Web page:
Commitment: Approx. 94 hours (for the first eight seasons)
What it is: Creator and star Catherine Reitman plays the leader of a central group of friends and working moms as they make the transition from maternity leave back to office life.
Why you should watch it: Being a mom is a full-time job paid in sleepless nights, dirty diapers, and, of course, unconditional love. Pair the laundry list of responsibilities that come with that job with a salaried 9-to-5, however, and tragic comedy is sure to ensue. That’s where Reitman comes in, translating it all for this semi-autobiographical sitcom. The Canadian series has already aired three seasons across the border; season 2 is finally making it to Netflix in the U.S. July 25.
Where to watch it: Netflix
Commitment: Approx. 6.5 hours (for the first season)
What it is: Jenji Kohan’s runaway (but locked-up) Netflix hit is ensemble work at its finest, following the day-to-day lives of the ladies of Litchfield Penitentiary and exploring the diverse crimes that got them there.
Why you should watch it: Inspired by Piper Kerman’s (here Piper Chapman, played by Taylor Schilling) real-life account of her arrest and imprisonment for drug-related money laundering, this hour-long dramedy opens up to include the equally heartbreaking (and often humorous) biographies of fellow inmates played by Emmy winner Uzo Aduba, Laverne Cox, Danielle Brooks, Natasha Lyonne, Samira Wiley, and others. From season to season, Orange — revolutionary and acclaimed for its on-screen diversity — becomes more and more timely, tackling everything from trans rights to gender equality to Black Lives Matter. Its seventh and final season streams July 26 on Netflix.
Where to watch it: Netflix
Commitment: Approx. 68 hours (for the first six seasons)
What it is: Set in the fictional town of Neptune, California, Veronica Mars follows the criminally charming Kristen Bell as our titular hero who cracks mounting mysteries as a high schooler and self-started private investigator.
Why you should watch it: Veronica Mars is a CW cult classic from the early 2000s with an especially impassioned fanbase (its 2014 feature film was fully funded on Kickstarter) — and there’s no better time than now to see what all the hype is about. Its long-awaited fourth season returns July 26 on Hulu.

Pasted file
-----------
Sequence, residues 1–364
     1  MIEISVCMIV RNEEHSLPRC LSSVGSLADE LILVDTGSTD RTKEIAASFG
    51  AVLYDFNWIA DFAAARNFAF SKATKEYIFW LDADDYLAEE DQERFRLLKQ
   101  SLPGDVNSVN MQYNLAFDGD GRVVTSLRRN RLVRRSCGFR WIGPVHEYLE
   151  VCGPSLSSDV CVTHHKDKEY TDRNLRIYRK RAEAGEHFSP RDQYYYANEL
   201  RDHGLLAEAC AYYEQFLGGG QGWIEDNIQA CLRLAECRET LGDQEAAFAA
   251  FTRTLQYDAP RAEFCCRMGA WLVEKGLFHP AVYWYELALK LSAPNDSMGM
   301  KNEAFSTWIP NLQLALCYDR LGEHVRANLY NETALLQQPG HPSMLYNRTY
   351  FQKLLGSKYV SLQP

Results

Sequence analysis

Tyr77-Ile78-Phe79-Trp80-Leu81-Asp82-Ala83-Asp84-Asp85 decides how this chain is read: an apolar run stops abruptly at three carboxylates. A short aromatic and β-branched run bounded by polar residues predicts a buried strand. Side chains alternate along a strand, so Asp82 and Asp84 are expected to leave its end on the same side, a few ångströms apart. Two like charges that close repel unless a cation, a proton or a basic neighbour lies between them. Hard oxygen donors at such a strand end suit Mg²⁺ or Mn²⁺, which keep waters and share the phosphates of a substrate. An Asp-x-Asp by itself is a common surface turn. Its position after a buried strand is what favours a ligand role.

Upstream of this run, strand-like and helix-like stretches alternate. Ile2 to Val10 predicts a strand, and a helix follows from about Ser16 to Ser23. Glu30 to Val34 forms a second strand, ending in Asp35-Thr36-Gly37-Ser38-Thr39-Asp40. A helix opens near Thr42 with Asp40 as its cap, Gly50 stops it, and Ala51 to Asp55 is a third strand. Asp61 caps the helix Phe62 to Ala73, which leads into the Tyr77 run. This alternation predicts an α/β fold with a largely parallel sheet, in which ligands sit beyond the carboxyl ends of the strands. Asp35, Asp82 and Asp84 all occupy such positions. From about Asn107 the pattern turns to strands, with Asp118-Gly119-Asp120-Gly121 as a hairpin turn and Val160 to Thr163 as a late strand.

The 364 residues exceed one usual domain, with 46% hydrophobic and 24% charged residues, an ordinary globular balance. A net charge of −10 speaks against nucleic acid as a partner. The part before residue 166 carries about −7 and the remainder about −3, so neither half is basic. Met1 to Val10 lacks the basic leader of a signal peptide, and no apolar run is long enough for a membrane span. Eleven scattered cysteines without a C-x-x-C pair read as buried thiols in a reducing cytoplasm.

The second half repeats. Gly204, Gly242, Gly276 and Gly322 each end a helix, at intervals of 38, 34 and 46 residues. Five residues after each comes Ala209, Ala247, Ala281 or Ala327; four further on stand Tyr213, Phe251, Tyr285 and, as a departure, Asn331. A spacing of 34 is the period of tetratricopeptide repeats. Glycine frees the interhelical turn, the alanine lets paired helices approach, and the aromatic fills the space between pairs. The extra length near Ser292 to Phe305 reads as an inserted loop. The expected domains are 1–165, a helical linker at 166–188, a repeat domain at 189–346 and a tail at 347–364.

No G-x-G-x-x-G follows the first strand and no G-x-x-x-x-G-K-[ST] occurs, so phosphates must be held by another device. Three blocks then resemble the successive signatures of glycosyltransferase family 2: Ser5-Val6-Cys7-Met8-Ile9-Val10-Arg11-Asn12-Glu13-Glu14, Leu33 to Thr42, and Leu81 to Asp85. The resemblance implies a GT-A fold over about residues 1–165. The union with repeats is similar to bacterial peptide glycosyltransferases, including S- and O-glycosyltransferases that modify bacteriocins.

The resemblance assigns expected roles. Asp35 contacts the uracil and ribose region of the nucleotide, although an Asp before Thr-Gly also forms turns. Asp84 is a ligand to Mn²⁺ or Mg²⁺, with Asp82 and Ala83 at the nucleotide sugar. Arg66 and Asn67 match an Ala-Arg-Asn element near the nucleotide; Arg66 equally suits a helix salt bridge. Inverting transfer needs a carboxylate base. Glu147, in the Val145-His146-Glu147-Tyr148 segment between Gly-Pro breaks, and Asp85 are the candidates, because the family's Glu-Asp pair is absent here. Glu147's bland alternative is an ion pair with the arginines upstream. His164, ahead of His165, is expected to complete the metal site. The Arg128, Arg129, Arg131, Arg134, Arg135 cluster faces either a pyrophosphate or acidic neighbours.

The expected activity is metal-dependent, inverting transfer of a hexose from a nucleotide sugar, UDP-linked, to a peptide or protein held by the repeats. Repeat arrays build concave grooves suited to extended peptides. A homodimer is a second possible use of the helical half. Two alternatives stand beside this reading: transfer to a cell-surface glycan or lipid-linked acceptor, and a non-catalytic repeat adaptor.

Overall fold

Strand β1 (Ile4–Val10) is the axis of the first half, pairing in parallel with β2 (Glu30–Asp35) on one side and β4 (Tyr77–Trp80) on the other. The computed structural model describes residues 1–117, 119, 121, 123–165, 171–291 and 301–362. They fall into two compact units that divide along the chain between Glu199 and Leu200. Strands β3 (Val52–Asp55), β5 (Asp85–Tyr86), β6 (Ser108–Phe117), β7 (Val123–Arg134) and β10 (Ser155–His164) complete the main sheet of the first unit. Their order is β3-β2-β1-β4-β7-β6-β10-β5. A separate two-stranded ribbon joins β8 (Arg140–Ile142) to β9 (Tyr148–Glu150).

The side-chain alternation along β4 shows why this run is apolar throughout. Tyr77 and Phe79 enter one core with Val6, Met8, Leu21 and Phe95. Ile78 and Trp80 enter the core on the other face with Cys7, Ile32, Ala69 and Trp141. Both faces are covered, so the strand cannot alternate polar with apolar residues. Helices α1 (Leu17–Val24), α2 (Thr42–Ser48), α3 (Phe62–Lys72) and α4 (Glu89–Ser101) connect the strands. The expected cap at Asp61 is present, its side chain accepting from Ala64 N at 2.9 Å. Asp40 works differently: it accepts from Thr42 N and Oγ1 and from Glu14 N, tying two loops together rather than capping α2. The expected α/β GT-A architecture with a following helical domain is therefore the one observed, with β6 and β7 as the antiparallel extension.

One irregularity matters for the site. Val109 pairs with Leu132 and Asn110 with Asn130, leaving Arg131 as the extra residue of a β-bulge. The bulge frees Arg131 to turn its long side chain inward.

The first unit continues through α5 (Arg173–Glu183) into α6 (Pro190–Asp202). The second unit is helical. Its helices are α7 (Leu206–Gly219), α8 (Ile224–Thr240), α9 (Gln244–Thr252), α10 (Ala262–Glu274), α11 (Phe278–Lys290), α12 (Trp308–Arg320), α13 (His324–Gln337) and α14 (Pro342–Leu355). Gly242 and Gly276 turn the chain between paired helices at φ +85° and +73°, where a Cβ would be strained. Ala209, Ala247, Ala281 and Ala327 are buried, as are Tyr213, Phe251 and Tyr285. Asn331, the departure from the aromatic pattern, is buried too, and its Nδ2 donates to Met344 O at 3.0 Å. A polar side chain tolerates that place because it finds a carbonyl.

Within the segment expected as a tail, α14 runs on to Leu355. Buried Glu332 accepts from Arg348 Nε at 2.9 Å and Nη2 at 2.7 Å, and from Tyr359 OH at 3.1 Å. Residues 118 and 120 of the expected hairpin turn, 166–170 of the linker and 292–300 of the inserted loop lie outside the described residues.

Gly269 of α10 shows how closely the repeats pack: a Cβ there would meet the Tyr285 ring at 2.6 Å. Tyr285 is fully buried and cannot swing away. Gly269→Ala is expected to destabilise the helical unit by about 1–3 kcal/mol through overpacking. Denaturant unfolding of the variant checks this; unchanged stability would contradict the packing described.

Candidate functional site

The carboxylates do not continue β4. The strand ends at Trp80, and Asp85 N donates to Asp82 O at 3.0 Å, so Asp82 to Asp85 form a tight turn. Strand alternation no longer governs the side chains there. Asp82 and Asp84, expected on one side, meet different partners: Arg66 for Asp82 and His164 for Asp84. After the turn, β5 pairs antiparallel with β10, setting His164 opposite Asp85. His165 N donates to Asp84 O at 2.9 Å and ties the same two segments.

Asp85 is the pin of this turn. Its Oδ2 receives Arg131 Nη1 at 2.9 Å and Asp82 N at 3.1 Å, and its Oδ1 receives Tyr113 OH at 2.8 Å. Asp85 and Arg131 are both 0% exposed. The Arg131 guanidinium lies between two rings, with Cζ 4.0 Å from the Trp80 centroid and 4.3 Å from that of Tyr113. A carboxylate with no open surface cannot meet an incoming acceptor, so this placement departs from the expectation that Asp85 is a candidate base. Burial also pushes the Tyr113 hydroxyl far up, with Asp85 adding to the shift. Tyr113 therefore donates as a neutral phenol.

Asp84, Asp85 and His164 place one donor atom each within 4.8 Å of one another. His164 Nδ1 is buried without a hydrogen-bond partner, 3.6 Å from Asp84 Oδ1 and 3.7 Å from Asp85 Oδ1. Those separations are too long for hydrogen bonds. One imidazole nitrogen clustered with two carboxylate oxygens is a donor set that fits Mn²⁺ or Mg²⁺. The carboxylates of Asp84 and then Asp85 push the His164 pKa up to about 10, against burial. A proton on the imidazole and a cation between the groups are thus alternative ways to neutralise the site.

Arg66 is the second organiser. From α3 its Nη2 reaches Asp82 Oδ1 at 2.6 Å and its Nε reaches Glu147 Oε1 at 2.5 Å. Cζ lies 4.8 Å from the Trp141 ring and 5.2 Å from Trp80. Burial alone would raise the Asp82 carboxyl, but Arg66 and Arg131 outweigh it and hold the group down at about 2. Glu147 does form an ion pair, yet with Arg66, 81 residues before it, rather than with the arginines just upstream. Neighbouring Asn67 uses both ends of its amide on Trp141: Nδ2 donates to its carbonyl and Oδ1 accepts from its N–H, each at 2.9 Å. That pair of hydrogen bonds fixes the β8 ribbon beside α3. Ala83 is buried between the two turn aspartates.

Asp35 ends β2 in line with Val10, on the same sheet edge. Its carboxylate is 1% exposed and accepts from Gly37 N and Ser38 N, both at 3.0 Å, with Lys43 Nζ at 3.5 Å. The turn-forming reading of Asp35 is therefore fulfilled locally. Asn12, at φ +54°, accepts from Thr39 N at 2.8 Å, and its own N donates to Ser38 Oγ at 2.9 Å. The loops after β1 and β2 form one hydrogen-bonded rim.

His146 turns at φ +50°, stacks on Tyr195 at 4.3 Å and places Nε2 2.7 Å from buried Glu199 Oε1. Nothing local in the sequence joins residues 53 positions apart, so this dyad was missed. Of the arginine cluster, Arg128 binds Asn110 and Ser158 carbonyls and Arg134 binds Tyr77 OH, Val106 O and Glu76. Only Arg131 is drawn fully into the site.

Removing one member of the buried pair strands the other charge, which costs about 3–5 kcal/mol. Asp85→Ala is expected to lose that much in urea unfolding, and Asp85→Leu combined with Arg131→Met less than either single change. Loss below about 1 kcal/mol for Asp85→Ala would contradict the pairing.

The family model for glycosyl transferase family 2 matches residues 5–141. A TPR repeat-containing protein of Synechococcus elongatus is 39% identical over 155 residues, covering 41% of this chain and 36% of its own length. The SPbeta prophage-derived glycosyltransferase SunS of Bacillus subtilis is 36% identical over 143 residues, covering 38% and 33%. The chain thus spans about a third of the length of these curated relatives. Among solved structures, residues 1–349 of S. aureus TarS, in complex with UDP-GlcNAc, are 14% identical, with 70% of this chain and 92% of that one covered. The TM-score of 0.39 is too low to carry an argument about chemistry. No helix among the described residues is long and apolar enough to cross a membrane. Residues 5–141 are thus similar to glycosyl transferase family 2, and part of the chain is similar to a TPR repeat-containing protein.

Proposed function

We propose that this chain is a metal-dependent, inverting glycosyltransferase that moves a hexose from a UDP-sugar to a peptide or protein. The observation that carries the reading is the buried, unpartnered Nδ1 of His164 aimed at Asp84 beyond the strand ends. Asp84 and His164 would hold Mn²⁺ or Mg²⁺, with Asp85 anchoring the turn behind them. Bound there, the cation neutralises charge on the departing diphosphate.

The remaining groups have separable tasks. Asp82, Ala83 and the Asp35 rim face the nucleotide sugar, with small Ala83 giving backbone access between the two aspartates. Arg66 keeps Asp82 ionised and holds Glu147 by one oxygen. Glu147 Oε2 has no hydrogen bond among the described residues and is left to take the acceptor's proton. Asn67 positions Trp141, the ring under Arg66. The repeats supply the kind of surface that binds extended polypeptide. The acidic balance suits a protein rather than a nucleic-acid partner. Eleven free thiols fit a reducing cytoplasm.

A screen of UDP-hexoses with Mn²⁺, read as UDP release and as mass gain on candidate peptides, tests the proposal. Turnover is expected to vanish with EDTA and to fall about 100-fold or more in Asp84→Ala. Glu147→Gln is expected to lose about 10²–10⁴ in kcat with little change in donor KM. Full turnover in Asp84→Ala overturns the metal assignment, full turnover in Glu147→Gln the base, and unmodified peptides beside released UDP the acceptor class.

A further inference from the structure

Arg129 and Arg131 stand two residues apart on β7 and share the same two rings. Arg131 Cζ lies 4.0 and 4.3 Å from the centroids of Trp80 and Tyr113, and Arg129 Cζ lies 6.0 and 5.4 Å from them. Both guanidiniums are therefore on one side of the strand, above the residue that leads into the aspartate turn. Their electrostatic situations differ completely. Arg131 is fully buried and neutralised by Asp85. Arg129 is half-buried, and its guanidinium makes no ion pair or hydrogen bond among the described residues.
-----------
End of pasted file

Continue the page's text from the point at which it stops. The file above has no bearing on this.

Commitment: Approx. 48 hours (for the first three seasons)
What it is: They say misery loves company, and The Letdown has that in spades, charting the ups and downs of being a first-time mother through the eyes of Audrey, a woman trying to keep her head above water while being more than “just a mom.”
Why you should watch it: This Australian comedy from creators Alison Bell and Sarah Scheller (the former of whom also stars) finds the pitch-black humor in newborn motherhood with the richly dry humor and self-deprecation native to its home country. Season 2 streams in full July 31 on Netflix.
Where to watch: Netflix
Commitment: About 3 hours (for the first season)
This new Golden Age of television allows us to gorge on lavish dramatic renderings of everything from brothel workers to talking animals, drug dealers to intergalactic journeymen — all of which awaits you in this month’s binge guide.
Why you should watch it: Harlots is so much more than a show about sex — in fact, that subject is met with less titillation and more sterile professionalism. But what it lacks in sex appeal it makes up for with rich and complex characters — mostly women — and a backdrop that allows for explorations of gender and class in 18th century England. Morton and Manville (who was an Oscar nominee last year for Phantom Thread) get the chance to showcase just why they’re both widely considered British acting royalty.
Commitment: Approx. 6 hours
Why you should watch it: Suits came into the international spotlight this year thanks to one royal wedding and a co-star named Meghan Markle, but if that wasn’t reason enough for you to catch up on this USA Network affair, we’ve got a few more for you. The series works because it’s in on its own fun, and its high concept rags-to-riches premise rings true thanks to the chemistry of Adams and Macht. It’s a steep order to binge seven seasons, of course, but the show’s two charming leads along with their formidable supporting cast have kept us coming back for more.
Commitment: Approx. 82 hours
Why you should watch it: As riveting as it is eye-opening, this street crime series pulls no punches in its portrayal of the drug trade and its implications in both micro and macro spheres. Startling performances from its ensemble of relative newcomers also bring us into a world that until now has been left off narrative television — and they keep a hold on us there.
Commitment: Approx. 8.5 hours
Why you should watch it: Killjoys taps into a dramatic vein similar to Netflix’s sci-fi thriller Stranger Things in its self-aware, pure, escapist fun, but this Syfy series does it with a mere fraction of the budget. Thankfully, it boasts performances and rat-a-tat scripts that make it all come together seamlessly.
Commitment: Approx. 21.5 hours
Why you should watch it: Fugit is as fine an actor as Kirkman is a creator, but the real juice of Outcast comes from its ability to grapple with the supernatural and demonic possession — exorcisms galore — while also navigating the trials of humanity and the lurking evils and immoralities of the mortal world.
Commitment: Approx. 7.5 hours
Why you should watch it: Thanks to off-the-beaten-path critical darlings like Schitt’s Creek, Pop has become an aficionado’s destination for smart-but-silly narrative comedy. Similarly cheekily titled Swedish Dicks, whose play on fish-out-of-water detectives (a trope perhaps made most famous by The Pink Panther’s Inspector Clouseau), is fresh and off-kilter in all the right ways.